- Once macarons are done, remove them from the oven and cool them on a cooling rack but leaving them on the parchment or silicone mat for 30 minutes. Please remember, they will stick to the mat while they are hot, they are not supposed to come off until they cool!
💡 Top Tip: If you have more than 2 trays of macaron shells I suggest placing the macaron batter into a piping bag and piping it later otherwise they might dry out too much
4. How to make the lemon curd filling
Making homemade lemon curd is so easy and delicious, it comes together in 15 minutes. Make sure you read my Ultimate Lemon curd recipe.
- Place lemon juice, egg yolk, and sugar in a heatproof bowl over a pan of simmering water (double boiler) and cook the curd over medium-high heat whisking constantly. Whisking is important to avoid egg yolks from curdling
- Soak gelatin sheet in cold water
- After about 8-10 minutes the mixture starts to thicken like custard. I find the temperature at this stage is around 80C / 176F
- Remove the curd from the heat, mix in gelatin sheet and to be on the safe side, pour the cooked curd through a sieve so you will get rid of any potential egg bits in there
- With a rubber spatula mix room temperature butter in small chunks one by one. Make sure that each chunk of butter is fully incorporated before adding the next. If you have a blender, blend butter into curd, if not, make sure you fully incorporate it with your spatula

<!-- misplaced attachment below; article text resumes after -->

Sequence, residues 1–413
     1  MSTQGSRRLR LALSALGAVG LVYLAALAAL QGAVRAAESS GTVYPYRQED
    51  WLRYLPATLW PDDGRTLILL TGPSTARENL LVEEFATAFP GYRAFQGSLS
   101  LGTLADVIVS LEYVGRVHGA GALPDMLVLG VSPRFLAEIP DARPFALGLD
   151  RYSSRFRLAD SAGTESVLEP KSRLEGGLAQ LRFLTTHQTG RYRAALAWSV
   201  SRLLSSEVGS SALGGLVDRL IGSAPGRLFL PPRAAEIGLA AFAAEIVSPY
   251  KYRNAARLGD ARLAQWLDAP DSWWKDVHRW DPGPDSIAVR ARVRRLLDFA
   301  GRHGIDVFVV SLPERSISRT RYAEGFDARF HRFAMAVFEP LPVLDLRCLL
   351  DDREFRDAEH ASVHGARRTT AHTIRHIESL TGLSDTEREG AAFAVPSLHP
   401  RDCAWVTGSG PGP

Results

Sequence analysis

- Fold the zest in. Make sure you won´t leave the zest out, it will give so much flavor!
- Use it for filling your Earl Grey macarons as soon as it sets. It will take a few hours
💡 Top Tip: Pour the curd into a shallow container (so it will cool quicker) and place plastic wrap directly on top so it is touching the top of the curd. (This prevents skin forming on top.) The curd will continue to thicken as it cools in the fridge
5. How to fill macarons
Finally, you nailed this Earl Grey macaron recipe, your lemon curd is set, it is time to fill your macarons!
For filling the macarons you will need Piping bag with Wilton 2A Round nozzle tip.
Filling macarons takes again some practice. The general rule is to pipe the filling onto one side of the macaron shell then press two shells together evenly so the filling will come out to the side but not more. How much filling do you need per macaron? It is impossible to give an exact amount here, you will see after filling one or two macarons whether you need more or less.